Aside from the sheer general awesomeness of gaining even a tiny insight into a cloistered environment such as this and the requirements and considerations for designing to support situations where there is zero margin for error (and where such error leads to, in a best case, a very expensive loss of equipment), there were just a whole slew of interesting anecdotes and photographs of tools that remain in use even when supposedly better, more modern tools have been introduced. Hearing Schauer's observations and her thoughts around how to introduce change into an environment with high emotions at play—"it's our friends up there"—was truly fascinating.Willow Garage's Leila Takayama continued the theme of topics guaranteed to hit a particular geek sweet spot: robots. Presentations about robots that I've seen previously have all tended toward the theoretical, which can be great, but there is only so much discussion around robotic ethics that one can endure. So it was fascinating to see someone from a well-funded company that is actually engaged in creating robots that are real, shipping products, and to hear the types of design challenges that Takayama faces while she tries to build robots that fulfill real needs and withstand the tests of the market. One particularly interesting point was how to create emotional engagement between humans and machines that share some sort of human physicality. Takyama and her colleagues are working at ways in which to expose the internal workings of robots to build emotional affinity by imbuing a robot with more human characteristics—having it scratch its head when its unsure about something—has proved to strengthen the bond with its owner. Leila also demoed a sound library that Willow Garage developed in conjunction with a sound designer from Pixar (that is open sourced and available for download, here.)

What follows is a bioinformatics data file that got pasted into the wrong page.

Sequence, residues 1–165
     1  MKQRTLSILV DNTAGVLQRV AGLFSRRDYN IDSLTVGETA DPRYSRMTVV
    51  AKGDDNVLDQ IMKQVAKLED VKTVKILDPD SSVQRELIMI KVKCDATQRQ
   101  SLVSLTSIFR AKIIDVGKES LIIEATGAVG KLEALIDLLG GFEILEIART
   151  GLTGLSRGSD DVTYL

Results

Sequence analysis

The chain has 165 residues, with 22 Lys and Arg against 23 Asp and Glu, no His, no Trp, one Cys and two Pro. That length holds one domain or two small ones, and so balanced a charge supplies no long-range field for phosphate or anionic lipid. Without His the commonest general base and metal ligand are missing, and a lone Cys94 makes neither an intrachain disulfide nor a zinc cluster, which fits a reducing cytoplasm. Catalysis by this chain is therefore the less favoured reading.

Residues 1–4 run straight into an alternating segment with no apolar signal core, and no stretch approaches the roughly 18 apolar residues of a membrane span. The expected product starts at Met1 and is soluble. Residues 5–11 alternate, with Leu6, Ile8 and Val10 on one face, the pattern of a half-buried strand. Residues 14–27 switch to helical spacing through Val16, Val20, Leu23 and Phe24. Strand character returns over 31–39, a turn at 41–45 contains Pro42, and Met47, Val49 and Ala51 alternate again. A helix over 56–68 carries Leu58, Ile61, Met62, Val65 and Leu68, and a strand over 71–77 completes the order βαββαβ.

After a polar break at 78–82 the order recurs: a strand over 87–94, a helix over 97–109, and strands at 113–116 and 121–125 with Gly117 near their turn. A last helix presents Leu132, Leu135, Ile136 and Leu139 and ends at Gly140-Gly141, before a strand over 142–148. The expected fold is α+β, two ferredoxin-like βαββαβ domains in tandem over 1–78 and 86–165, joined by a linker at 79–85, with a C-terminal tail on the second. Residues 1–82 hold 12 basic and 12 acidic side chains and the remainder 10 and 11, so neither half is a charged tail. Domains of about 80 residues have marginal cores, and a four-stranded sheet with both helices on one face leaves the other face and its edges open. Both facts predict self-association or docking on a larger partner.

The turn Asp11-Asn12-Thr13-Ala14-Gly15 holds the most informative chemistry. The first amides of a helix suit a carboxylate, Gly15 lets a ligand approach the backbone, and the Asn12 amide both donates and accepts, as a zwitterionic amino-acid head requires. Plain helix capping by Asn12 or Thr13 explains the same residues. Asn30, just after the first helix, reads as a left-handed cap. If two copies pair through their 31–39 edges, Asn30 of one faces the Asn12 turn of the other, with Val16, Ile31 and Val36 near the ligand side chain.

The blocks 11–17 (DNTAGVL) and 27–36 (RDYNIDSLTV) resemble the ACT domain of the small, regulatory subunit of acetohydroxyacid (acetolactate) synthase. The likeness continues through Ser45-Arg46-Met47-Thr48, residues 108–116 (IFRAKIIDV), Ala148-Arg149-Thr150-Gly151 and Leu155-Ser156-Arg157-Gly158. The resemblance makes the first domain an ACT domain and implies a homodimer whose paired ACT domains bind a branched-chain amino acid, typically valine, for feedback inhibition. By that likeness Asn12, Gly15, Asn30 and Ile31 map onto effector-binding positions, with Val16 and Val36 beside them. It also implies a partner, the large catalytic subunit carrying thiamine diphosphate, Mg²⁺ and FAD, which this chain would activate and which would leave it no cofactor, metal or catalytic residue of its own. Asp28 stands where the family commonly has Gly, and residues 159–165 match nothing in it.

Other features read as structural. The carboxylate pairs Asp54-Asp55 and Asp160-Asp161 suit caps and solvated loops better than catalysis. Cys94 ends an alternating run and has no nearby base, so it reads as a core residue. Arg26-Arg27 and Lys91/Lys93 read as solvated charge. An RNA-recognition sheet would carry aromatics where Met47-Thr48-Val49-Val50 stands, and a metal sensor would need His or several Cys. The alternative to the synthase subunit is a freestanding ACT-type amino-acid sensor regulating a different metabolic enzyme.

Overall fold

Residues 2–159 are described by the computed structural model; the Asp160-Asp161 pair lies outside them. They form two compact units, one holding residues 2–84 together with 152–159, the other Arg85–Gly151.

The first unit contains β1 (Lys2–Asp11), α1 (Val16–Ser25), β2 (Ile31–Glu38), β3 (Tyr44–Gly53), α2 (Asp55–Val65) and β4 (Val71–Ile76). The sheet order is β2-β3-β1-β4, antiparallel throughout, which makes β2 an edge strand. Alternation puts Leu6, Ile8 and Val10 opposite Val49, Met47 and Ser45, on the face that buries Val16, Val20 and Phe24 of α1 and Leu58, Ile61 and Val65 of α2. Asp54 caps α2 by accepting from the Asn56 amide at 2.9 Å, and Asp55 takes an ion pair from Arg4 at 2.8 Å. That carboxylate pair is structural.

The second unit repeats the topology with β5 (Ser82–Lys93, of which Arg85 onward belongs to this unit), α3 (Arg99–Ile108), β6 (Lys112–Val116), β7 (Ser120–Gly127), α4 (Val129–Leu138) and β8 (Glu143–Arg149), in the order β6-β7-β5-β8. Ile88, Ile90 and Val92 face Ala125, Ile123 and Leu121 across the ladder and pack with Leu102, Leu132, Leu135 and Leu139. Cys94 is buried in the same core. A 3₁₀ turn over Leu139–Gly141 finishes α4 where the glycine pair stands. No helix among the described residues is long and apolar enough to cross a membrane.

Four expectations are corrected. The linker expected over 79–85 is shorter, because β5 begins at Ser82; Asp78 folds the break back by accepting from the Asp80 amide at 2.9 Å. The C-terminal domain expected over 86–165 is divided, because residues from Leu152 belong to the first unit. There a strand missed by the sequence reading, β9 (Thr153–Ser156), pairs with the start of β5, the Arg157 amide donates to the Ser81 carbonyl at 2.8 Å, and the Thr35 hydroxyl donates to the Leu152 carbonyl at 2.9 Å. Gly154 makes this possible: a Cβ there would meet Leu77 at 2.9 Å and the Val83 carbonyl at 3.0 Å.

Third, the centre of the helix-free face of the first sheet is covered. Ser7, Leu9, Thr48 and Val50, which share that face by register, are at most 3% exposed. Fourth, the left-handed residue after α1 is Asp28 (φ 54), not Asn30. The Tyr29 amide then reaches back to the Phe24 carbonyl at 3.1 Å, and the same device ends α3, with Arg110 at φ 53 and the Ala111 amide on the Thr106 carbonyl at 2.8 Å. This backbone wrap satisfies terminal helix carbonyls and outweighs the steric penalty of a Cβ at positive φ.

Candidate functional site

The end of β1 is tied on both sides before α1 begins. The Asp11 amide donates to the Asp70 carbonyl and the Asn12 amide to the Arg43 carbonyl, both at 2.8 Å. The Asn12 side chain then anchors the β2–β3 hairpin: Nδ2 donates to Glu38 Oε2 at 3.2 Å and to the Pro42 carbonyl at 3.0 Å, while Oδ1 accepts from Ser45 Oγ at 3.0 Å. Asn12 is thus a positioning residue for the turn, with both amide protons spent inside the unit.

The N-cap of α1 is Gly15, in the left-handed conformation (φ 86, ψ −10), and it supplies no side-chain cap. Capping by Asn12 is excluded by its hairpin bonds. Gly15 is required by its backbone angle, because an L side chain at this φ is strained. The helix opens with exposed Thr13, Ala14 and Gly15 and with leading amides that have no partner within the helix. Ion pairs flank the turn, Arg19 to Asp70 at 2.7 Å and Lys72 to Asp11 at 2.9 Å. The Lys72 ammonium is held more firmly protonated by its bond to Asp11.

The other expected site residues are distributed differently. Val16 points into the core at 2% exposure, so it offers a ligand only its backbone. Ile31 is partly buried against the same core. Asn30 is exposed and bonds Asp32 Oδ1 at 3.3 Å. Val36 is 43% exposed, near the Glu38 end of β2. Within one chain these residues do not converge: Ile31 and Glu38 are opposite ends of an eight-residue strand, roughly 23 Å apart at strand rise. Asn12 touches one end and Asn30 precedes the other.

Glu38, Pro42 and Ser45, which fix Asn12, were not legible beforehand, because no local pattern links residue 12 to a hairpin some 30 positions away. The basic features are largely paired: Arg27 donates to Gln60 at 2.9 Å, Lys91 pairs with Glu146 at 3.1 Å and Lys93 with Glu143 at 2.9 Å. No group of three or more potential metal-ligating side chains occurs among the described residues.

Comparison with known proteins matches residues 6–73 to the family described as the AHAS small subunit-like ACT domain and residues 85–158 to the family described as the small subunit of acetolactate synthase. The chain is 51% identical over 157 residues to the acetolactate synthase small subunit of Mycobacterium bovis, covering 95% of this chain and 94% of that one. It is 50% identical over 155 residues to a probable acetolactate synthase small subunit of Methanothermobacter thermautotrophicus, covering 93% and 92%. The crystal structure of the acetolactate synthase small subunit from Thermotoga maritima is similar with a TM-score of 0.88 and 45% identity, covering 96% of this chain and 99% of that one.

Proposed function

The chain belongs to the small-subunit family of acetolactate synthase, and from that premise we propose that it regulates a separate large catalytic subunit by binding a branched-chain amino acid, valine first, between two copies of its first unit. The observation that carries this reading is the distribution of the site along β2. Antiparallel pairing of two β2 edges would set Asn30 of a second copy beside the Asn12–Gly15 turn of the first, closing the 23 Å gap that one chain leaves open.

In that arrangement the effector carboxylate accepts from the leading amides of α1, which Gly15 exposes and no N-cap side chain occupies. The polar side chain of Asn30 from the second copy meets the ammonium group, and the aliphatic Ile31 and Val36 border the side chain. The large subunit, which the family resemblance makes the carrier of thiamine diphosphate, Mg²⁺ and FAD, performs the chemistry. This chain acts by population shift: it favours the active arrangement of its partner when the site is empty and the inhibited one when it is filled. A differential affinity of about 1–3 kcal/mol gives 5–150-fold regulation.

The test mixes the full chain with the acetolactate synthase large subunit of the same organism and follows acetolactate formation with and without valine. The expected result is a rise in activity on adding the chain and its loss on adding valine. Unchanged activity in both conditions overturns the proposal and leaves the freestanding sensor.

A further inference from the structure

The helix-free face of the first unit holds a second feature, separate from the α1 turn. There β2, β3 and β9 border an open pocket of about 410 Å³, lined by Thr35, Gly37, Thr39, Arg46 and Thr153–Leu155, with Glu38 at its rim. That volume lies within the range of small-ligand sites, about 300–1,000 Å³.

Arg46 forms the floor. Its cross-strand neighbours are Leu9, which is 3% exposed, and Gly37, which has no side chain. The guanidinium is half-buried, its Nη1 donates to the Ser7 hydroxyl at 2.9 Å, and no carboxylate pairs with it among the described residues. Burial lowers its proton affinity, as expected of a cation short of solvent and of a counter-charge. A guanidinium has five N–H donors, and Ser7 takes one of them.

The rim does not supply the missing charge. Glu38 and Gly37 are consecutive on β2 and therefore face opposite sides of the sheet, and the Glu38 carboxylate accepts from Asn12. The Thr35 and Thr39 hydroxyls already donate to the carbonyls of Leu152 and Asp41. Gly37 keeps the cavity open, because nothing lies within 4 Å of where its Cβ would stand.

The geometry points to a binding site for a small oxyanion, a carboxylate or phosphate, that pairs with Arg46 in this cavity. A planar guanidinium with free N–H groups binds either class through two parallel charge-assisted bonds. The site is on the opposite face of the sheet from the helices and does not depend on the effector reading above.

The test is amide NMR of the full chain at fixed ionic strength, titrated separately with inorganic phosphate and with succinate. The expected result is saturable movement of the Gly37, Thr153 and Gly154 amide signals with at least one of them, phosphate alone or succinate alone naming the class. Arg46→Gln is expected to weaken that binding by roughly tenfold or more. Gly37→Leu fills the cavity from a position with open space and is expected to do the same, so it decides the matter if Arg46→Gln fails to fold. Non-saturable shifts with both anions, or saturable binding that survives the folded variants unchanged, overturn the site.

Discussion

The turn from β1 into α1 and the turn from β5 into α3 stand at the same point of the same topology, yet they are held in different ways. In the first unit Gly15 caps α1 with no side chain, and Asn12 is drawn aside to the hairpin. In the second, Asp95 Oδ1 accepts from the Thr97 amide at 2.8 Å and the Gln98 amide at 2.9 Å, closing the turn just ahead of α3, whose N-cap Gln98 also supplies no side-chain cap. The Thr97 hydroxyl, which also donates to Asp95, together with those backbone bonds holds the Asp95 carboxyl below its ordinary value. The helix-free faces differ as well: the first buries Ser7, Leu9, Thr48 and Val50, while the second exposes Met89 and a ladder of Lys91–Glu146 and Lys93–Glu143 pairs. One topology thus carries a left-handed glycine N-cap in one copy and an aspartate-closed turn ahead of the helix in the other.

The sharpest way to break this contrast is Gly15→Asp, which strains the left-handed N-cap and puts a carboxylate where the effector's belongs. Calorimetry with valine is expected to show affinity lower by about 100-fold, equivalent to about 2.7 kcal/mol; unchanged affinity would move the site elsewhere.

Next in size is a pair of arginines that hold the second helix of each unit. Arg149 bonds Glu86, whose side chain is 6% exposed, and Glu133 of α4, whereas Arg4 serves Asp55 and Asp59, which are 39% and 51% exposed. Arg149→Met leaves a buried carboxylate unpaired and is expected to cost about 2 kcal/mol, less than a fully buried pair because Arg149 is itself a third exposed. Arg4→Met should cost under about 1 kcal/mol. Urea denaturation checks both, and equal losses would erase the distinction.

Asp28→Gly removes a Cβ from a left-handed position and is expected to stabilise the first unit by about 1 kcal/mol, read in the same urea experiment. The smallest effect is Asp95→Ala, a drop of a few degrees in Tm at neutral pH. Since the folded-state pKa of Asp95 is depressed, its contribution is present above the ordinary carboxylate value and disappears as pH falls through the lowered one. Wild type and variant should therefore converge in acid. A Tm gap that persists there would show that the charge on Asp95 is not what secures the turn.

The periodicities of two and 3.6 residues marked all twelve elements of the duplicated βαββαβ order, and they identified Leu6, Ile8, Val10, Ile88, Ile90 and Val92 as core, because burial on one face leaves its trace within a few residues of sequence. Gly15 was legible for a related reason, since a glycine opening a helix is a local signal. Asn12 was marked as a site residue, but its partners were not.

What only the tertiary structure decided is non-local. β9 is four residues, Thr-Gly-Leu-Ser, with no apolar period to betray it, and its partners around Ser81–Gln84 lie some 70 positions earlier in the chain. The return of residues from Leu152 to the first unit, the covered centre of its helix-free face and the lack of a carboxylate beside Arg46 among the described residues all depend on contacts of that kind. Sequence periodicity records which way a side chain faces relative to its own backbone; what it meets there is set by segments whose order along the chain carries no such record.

After lunch, Mike Kruzeniski from the Windows Phone team shared his thinking around introducing stylized elements to a product experience—not just creating an experience to have general appeal but how we might begin to craft interactions that speak to a more intentional specific aesthetic sensibility. The recent, deliberately text-centric Windows Phone UI is a perfect, recent example of this.
Continuing the theme of audio design that had bubbled up in a couple of the previous talks, Jawbone's Karen Kaushansky then discussed the challenges surrounding designing spoken word feedback systems—devices that talk back. This outlined another emergent area that the designers of tomorrow's products will have to consider more and more and Karen also drew a series of insights from her long experience of working with speech technology at Microsoft.